HME labor pool takes a belly flop

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Friday, February 28, 2003

YARMOUTH, Maine - The pool of skilled HME professionals such as respiratory therapists and rehab technology suppliers has never been shallower, and don’t look for it to improve any time soon. In fact, due to a dearth of college training programs, among other things, it could get worse, say industry watchers.

“Even the respiratory therapists I’ve interviewed have said that if you have a warm body and a license you can get a job,” said Jill Spellman, president of Oxygen One in Waukesha, Wi. “Finding a good one is tough.”

Spellman’s not alone.

It took Homecare Concepts in Farmingdale, N.Y. six months to find a new clinical respiratory director, said Frank Brown, executive vice president. A client of HME consultant Steve Lutzker has hired and lost two rehab techs over the past year and is still looking for a competent replacement. Chesapeake Rehab in Baltimore, Md., has lost four RTSs to a single manufacturer over the past 18 months, said President Gary Gilberti.

Finding good salespeople is equally tough. Not only must a salesperson be part billing specialist, part social worker and part mechanic - skills that generally don’t crossover to other industries - they need a genuine interest in homecare, Gilberti said.

“I’ve had salespeople who come to me saying they want to get into home care, and I ask them to ride with me for a day and see what we do,” Gilberti said. “At the end of the day, they are like, ‘You guys really get your hands dirty.’ I ask, ‘Now do you really want to do it?’ ‘Nope. I’m going to go sell widgets.”’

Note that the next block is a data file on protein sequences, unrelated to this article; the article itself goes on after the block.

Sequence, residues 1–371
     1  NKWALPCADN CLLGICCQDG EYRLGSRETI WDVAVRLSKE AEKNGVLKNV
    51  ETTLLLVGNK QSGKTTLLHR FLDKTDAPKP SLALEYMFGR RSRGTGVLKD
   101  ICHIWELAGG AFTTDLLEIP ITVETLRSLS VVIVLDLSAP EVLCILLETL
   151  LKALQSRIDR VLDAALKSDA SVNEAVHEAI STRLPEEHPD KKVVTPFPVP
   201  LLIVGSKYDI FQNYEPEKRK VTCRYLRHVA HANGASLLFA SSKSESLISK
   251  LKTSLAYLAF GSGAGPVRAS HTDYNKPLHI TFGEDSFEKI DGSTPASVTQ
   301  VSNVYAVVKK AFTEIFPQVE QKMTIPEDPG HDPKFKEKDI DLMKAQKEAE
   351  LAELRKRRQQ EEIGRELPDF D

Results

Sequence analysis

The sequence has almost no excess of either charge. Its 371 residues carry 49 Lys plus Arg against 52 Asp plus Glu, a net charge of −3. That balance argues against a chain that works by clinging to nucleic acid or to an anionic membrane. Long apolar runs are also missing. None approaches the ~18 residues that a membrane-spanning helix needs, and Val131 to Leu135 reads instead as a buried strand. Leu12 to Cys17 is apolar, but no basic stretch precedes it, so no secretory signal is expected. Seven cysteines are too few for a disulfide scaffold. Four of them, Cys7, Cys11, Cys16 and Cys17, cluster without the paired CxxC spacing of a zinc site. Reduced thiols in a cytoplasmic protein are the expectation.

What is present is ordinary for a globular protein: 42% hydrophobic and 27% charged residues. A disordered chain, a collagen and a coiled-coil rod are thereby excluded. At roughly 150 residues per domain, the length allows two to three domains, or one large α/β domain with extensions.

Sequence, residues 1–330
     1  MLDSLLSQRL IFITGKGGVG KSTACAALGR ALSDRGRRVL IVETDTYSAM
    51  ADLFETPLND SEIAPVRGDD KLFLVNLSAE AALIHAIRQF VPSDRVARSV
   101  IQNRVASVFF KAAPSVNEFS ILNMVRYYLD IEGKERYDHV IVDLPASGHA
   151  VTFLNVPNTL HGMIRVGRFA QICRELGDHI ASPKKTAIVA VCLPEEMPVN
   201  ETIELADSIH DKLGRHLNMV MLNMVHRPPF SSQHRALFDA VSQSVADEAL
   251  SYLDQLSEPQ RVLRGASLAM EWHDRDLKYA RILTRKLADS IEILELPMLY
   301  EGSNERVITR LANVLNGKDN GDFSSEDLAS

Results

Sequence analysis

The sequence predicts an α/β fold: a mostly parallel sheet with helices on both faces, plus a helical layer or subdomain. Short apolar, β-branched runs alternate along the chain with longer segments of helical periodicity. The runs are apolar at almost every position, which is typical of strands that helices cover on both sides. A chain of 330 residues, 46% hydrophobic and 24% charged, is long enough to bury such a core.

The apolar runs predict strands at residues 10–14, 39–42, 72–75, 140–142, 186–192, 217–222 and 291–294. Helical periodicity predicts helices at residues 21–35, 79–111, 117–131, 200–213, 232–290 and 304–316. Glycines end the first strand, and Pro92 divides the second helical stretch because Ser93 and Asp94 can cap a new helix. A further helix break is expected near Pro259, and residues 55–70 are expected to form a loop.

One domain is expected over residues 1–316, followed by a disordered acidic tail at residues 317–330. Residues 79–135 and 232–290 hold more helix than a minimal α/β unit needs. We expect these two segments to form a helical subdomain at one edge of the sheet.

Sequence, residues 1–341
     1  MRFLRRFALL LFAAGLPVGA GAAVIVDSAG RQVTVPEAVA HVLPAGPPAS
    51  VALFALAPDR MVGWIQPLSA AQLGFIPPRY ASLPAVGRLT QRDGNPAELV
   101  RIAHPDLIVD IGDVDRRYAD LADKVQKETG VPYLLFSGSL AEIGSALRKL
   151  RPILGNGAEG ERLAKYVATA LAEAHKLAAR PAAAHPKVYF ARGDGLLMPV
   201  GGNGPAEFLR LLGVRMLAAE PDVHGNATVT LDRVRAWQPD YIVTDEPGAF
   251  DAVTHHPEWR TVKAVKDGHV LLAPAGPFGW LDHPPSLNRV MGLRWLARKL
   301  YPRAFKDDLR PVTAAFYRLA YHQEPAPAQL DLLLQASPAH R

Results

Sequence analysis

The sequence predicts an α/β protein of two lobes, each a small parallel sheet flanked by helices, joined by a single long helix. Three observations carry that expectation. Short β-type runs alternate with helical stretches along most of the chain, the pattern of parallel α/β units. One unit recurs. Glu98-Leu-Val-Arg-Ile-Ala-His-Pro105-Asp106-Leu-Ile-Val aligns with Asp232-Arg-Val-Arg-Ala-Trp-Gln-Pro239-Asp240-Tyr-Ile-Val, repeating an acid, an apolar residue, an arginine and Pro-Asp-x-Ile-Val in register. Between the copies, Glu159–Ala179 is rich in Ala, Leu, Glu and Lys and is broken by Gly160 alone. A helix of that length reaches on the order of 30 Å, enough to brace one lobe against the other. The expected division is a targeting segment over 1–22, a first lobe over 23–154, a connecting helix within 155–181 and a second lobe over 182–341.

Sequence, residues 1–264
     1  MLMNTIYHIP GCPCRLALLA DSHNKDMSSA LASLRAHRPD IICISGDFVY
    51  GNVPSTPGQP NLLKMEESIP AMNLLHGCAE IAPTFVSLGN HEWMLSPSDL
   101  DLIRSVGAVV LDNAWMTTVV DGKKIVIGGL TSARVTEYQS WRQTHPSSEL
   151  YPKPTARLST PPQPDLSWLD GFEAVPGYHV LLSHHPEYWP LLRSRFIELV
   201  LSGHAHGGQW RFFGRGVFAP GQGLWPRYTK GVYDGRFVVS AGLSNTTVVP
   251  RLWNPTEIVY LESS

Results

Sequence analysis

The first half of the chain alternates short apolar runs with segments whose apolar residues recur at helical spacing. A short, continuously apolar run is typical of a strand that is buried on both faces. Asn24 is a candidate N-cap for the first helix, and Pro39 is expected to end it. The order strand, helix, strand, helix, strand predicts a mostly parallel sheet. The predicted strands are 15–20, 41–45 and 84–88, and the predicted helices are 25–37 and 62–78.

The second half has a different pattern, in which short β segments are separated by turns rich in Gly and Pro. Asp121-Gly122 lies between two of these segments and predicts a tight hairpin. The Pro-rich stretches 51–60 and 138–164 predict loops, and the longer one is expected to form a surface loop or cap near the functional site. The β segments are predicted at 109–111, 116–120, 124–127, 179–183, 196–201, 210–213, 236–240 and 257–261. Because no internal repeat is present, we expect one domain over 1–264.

A number of issues over the past few years have contributed to the falloff in interest among workers who otherwise might have considered a career in the HME industry.

First, a perception exists that that healthcare is not a good field to enter. The backlash against managed care has contributed to that, fueled by the grumbling of doctors, nurses and other professionals who claim insurers are more interested in the bottomline than patient care.

Secondly, as it becomes tougher to bill and collect, salespeople are finding that healthcare is not the stable, high-paying career they thought it was, said Lutzker

Thirdly, high schools and colleges, for the most part, don’t emphasize the field. If that’s to change, the industry will have to provide the catalyst, proving a need exists and then helping colleges and technical schools develop appropriate curriculums, say industry watchers.

Meanwhile, the grind to find good technical help continues. In some quarters, for example, the competition for respiratory therapists is so fierce that companies recruit constantly, and if the opportunity arises, snatch one away from the competition, said Mario LaCute, president of Seeley Medical in Andover, Ohio.

On the rehab side, where much of the training occurs on the job, companies more and more require new hires to sign non-compete agreements in exchange for that training.

“We counsel our clients to do that,” said consultant Wallace Weeks of The Weeks Group. “It’s saying that if we are going to spend money training you, we are not going to do it for a competitor.” HME

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